William Binnington Boyce was an English Methodist missionary, administrator, and pioneer linguist. Boyce was ordained in 1829 for service in South Africa where he worked among the Xhosa of the eastern Cape Colony. He was brilliant and aggressive, but his lifelong friendship with William Shaw was a steadying influence upon him. His great achievement was discovering the “euphonic concord,” which provided the essential clue to the syntax of all Bantu languages. In 1834 with Shaw, he published the text of Luke in Xhosa. Between 1834 and 1843 he played a vigorous role in frontier affairs, supporting the English settlers in their attacks on John Philip and other London Missionary Society pro-African missionaries. After returning to England in 1843, he was sent to Australia in 1845 as head of Methodist missions there. He planned and oversaw the creation of the Australasian Conference of the Methodist Church and later served as president (1885 and 1886). In 1858 he was called back to England to be secretary of the Wesleyan Missionary Society. In this post he encouraged the setting up of autonomous conferences for Methodist mission areas abroad. He retired in 1876 to Australia.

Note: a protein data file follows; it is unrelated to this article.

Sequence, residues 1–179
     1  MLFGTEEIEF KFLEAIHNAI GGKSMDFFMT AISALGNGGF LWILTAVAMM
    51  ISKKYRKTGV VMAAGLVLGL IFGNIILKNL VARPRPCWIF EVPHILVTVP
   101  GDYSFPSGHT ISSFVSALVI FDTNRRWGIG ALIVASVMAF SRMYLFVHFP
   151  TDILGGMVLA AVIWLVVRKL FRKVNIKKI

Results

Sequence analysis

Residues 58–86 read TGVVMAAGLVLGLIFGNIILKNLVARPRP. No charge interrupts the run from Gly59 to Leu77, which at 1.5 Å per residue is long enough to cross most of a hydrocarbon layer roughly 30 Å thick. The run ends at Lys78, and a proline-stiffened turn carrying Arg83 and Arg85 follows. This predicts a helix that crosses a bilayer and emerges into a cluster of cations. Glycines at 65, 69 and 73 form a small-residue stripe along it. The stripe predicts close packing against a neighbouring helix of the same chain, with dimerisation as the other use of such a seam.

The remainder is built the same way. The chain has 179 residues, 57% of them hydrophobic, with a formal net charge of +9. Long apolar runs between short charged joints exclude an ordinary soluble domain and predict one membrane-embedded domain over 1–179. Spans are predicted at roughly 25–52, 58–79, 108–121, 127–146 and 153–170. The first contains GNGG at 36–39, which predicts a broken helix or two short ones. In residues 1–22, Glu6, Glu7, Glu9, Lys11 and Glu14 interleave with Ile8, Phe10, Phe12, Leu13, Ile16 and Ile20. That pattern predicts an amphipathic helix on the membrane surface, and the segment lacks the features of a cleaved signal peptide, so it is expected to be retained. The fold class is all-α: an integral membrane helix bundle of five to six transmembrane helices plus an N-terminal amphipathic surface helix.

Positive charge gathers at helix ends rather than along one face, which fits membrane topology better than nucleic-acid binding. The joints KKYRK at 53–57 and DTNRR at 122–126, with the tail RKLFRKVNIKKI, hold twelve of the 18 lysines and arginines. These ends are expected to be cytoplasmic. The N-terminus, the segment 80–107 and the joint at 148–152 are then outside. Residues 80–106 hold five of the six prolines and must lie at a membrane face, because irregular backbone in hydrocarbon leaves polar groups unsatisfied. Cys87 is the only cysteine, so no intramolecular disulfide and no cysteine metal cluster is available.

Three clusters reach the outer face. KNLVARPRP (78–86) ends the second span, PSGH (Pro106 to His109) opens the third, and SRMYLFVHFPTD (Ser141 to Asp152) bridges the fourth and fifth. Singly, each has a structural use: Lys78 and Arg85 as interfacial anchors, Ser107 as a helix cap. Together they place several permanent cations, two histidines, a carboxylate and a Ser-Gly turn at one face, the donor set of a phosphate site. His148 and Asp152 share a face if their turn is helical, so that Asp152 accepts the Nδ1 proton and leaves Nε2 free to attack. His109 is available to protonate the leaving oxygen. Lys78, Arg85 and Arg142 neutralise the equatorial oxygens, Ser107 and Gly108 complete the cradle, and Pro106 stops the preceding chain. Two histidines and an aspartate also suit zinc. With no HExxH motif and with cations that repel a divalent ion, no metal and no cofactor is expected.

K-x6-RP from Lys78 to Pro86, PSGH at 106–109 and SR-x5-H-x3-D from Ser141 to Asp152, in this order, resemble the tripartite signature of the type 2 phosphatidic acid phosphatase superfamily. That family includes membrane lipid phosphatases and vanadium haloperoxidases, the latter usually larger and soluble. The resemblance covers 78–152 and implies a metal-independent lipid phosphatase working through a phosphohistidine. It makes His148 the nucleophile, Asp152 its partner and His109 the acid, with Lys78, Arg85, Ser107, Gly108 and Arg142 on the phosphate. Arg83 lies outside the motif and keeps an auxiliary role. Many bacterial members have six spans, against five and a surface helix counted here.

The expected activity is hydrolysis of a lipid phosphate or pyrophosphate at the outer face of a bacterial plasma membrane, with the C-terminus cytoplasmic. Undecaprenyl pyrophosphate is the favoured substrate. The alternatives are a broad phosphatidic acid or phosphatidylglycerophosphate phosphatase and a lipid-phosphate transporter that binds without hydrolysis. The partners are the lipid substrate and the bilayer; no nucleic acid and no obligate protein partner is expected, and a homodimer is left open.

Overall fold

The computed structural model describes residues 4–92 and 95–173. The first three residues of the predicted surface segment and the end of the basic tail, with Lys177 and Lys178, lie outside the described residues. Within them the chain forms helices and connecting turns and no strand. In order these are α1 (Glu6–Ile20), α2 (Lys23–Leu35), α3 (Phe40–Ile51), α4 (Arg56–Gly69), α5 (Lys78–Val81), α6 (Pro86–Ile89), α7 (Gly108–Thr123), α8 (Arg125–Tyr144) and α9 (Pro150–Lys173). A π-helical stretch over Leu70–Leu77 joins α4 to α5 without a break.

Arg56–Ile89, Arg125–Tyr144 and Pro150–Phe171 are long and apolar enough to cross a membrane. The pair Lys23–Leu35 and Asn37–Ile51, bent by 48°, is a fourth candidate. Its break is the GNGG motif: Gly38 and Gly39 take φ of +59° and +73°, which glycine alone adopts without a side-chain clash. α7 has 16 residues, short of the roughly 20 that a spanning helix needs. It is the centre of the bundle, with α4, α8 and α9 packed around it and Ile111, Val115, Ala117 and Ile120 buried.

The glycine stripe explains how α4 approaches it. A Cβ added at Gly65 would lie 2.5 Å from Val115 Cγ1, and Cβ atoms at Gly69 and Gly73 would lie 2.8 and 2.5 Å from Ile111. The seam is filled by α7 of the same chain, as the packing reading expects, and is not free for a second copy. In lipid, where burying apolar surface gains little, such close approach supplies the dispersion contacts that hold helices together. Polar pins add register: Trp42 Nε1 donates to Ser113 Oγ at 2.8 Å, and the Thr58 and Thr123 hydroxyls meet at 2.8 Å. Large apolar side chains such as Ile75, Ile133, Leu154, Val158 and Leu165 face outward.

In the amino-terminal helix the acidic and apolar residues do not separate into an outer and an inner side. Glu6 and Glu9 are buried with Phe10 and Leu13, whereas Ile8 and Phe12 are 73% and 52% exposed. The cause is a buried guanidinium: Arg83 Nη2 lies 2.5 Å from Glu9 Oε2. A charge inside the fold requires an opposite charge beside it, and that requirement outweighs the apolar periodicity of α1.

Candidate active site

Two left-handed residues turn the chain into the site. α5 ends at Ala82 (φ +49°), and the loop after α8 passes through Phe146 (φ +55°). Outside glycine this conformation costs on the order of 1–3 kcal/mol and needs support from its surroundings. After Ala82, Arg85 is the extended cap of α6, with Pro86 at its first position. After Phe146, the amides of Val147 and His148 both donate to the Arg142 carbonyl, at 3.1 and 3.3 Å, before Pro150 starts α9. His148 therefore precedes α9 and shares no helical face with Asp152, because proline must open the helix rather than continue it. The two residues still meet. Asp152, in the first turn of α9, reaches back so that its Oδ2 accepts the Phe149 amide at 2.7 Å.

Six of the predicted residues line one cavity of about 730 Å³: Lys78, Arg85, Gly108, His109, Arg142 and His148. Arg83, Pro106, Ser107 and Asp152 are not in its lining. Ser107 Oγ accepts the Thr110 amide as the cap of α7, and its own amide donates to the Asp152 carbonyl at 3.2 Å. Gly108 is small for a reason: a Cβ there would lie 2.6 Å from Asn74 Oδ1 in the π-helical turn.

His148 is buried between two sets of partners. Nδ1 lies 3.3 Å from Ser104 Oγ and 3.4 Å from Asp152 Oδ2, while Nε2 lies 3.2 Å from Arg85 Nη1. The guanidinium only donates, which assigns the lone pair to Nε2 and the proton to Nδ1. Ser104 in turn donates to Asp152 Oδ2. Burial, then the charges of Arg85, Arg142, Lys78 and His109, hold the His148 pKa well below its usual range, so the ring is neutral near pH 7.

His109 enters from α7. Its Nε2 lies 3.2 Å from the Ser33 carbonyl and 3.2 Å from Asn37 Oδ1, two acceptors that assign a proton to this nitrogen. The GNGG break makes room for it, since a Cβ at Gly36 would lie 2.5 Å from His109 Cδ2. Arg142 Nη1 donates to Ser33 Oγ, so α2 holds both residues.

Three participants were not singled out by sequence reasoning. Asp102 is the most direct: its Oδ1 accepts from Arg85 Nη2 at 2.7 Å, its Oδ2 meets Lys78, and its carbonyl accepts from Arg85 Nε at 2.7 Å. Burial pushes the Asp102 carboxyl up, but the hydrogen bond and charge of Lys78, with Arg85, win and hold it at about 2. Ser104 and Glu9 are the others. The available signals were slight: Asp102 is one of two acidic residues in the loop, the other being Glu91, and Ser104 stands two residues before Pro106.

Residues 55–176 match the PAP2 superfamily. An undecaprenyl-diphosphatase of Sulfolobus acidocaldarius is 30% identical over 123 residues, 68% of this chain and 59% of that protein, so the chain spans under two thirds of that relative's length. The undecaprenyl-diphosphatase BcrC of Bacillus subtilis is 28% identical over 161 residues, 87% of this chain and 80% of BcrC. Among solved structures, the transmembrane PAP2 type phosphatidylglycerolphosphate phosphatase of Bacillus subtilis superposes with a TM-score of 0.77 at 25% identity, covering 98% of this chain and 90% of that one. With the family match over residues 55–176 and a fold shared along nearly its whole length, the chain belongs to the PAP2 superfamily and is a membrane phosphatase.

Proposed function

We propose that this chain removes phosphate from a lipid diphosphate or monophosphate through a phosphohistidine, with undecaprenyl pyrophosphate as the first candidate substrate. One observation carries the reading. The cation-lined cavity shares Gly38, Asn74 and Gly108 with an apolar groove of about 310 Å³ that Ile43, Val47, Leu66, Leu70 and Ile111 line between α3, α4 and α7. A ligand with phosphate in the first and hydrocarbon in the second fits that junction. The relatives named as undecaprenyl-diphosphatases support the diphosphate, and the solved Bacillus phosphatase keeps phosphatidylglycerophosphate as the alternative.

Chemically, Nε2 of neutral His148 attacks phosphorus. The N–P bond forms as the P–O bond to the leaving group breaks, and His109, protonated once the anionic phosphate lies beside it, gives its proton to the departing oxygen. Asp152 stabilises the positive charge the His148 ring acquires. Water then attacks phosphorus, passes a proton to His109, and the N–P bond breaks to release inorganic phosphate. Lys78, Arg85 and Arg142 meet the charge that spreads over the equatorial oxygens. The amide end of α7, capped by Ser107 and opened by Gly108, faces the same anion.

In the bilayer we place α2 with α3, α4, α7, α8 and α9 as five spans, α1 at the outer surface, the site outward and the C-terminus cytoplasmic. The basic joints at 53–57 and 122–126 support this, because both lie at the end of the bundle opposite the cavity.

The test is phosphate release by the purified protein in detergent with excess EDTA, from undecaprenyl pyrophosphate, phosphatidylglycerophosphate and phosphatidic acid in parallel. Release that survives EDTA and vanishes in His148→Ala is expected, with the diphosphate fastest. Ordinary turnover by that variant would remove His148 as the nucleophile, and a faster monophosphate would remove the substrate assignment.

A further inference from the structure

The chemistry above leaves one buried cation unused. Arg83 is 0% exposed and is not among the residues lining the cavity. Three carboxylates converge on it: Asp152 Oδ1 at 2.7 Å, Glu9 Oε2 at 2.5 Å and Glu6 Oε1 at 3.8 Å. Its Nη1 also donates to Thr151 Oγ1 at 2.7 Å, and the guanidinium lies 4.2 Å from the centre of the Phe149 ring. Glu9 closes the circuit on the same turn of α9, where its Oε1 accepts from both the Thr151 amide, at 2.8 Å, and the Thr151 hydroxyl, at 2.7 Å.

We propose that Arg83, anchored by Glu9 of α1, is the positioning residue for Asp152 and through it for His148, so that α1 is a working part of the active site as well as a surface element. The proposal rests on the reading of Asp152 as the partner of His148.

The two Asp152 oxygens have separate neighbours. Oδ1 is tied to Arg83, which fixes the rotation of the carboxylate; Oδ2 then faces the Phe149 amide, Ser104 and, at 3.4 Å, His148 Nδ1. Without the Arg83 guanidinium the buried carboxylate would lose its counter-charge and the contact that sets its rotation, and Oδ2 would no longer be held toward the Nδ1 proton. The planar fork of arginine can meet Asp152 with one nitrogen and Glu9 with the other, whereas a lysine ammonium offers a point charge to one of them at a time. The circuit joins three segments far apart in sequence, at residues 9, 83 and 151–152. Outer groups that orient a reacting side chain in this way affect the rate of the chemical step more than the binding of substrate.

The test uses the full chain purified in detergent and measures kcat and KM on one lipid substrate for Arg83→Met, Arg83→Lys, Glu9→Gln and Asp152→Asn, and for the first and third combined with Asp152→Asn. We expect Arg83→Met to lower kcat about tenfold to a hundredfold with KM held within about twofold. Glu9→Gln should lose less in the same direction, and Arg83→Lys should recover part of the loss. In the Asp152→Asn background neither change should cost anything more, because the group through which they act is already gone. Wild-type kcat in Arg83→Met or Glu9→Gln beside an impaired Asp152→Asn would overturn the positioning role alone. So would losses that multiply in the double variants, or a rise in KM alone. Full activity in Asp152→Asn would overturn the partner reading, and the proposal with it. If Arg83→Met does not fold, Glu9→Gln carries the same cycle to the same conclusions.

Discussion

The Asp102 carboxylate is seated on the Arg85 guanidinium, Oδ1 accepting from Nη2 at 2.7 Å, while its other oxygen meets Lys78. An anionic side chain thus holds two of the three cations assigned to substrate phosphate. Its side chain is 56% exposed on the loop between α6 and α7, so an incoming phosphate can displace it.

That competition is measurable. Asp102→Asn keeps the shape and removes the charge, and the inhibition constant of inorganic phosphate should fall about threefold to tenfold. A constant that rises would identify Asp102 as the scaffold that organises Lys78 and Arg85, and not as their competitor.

Andrew C. Ross
William Binnington Boyce, Memoir of the Rev William Shaw (1874). G. G. Finlay and W. W. Holdsworth, History of the Wesleyan Methodist Missionary Society, vol. 3 (1922); L A. Hewson, “William B. Boyce and the Euphonic Concord,” Journal of the Methodist Historical Society, S.A., March 1955.
This article is reproduced, with permission, from Biographical Dictionary of Christian Missions, copyright © 1998, by Gerald H. Anderson, W. B. Eerdmans Publishing Company, Grand Rapids, Michigan. All rights reserved.